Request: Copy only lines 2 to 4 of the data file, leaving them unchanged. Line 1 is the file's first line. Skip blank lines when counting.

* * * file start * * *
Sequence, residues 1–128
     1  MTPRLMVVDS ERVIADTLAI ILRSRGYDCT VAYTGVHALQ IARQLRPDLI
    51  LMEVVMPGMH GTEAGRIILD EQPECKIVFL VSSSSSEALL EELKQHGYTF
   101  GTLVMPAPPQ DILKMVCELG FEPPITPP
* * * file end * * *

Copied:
     1  MTPRLMVVDS ERVIADTLAI ILRSRGYDCT VAYTGVHALQ IARQLRPDLI
    51  LMEVVMPGMH GTEAGRIILD EQPECKIVFL VSSSSSEALL EELKQHGYTF
   101  GTLVMPAPPQ DILKMVCELG FEPPITPP